Roberto Alagna - French Arias
This, it seems to me, is one of the best recitals Alagna has recorded. By juxtaposing familiar with somewhat lesser-known arias, he offers a survey of French operatic style from 1778 (Gretry’s
Of the operas that will be curiosities to all but the most travelled music-lovers, Cherubini’s Les abencerages and Mehul’s Joseph are both worthy of revival. In the first, the hero is a battle-scarred warrior who has to try and retrieve the lost flag of his army. When we meet him, he is facing up to the idea of his life of exile, far from his beloved. The text is based on Chateaubriand, and Alagna deals with the climactic cry of ‘Je te perds; mon ame fletrie t’adresse d’eternels adieux’ most effectively, the high notes taken softly, as the composer would have expected. Joseph, which is officially called ‘Drame mele de chants’, stayed in the Opera-Comique repertory from its premiere in 1807 until 1910. Here Joseph is lamenting his father, Jacob, far away. This whole era of French opera, between the Revolution and the end of Napoleon’s Empire, is almost entirely neglected, so any chance to hear a snatch of it is welcome. Alagna sounds tormented enough.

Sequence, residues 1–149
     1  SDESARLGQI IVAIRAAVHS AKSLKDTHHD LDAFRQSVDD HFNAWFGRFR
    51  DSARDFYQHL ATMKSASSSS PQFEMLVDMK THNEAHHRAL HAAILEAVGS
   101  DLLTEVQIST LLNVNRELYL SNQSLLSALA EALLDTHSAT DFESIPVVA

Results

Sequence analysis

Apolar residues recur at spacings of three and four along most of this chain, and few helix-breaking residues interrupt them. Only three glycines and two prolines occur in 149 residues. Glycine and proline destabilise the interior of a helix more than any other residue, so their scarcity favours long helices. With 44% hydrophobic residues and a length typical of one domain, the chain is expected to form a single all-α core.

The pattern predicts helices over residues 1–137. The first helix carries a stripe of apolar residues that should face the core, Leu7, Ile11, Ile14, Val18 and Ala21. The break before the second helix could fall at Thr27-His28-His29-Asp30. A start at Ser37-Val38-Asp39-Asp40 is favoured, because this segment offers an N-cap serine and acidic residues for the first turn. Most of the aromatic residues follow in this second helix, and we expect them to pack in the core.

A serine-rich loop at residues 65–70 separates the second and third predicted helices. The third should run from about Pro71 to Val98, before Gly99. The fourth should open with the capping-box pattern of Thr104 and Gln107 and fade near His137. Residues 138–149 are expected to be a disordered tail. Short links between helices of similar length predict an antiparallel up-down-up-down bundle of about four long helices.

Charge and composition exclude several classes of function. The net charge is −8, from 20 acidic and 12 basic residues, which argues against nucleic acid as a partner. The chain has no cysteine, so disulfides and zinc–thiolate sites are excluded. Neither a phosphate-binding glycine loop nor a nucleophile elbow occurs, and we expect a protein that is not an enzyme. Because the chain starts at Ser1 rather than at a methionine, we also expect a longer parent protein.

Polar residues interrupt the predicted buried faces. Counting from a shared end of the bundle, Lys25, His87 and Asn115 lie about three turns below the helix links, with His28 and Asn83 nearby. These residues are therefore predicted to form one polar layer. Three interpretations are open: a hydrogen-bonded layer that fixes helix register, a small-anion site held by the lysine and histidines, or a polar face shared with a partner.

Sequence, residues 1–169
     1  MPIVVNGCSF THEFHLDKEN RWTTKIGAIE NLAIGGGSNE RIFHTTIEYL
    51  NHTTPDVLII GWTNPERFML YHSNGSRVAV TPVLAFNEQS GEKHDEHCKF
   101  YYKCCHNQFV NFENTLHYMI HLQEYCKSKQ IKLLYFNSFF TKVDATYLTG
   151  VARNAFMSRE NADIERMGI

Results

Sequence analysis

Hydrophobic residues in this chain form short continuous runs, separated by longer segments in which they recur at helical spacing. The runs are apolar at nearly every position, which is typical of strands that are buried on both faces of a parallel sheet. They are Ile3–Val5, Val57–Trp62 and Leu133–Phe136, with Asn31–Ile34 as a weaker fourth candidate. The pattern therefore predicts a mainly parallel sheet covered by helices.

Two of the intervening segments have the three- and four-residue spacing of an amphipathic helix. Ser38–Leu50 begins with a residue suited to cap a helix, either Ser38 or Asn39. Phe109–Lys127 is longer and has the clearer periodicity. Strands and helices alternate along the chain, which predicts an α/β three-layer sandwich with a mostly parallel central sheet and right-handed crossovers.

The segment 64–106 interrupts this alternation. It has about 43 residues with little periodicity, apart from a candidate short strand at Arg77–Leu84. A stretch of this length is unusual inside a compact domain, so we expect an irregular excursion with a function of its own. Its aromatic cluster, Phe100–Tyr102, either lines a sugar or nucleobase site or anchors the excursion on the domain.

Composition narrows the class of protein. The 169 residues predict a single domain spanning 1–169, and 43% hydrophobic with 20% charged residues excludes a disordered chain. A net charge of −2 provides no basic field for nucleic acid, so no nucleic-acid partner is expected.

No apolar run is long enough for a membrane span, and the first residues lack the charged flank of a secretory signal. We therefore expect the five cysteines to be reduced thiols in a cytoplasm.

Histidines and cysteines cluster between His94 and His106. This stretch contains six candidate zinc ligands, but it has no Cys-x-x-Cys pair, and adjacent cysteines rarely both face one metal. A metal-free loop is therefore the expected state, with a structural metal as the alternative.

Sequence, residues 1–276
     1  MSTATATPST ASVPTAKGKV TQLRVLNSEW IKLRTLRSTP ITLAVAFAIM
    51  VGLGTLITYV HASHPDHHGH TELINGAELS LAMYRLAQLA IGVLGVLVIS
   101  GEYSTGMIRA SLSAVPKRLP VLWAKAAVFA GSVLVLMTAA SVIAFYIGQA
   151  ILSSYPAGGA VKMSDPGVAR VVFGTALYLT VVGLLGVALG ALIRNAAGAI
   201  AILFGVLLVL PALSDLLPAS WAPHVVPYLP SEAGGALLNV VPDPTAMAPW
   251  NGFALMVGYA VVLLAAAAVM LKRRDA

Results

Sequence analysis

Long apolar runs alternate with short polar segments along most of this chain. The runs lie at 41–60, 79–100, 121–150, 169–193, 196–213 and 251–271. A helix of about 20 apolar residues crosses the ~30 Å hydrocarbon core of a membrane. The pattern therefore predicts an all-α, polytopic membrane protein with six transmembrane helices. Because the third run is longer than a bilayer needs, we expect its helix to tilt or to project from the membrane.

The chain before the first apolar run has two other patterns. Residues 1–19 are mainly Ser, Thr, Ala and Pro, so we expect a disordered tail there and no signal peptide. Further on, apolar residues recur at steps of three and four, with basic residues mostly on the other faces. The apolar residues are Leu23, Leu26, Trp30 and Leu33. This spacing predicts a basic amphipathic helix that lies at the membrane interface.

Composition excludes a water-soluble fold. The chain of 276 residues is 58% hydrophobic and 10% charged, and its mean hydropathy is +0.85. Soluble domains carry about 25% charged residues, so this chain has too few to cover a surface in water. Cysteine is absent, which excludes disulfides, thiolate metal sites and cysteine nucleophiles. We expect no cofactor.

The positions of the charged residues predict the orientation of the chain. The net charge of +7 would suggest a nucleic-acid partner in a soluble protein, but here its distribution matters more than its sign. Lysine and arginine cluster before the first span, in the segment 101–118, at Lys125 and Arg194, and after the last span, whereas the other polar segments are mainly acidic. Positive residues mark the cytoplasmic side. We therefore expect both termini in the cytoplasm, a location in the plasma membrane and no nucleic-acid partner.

Bazin’s Maitre Pathelin from 1856 also knew a lot of success in its time, mostly because of the aria sung here, ‘Je pense a vous quand je m’eveille’. This used to be a favourite concert item with French tenors and Alagna begins very well, establishing the ardent mood. A comparison with two singers of the past, Gaston Micheletti in a 1931 disc, and Gerard Friedmann in an abridged version from French Radio (Musidisc Gaiete Lyrique, 4/94) finds the older singer more vehement, almost hectoring, and the sadly little-recorded Friedmann more gentle. Alagna falls somewhere between the two; I would have welcomed more of a variation of tone in the reprise of the haunting melody.
The final item is also one of the best, Dominique’s farewell to the forests from
In the better-known numbers, Alagna is predictably suave as Wilhelm Meister in Mignon, a delicate ‘Elle ne croyait pas’. The Bizet, Lalo and Gounod all find him on form too. In the other pieces that are associated with more heroic voices, he sometimes uses a rather throaty sounding effect, especially noticeable in the aria from Le Cid, but although I was expecting more of the same, as Vasco in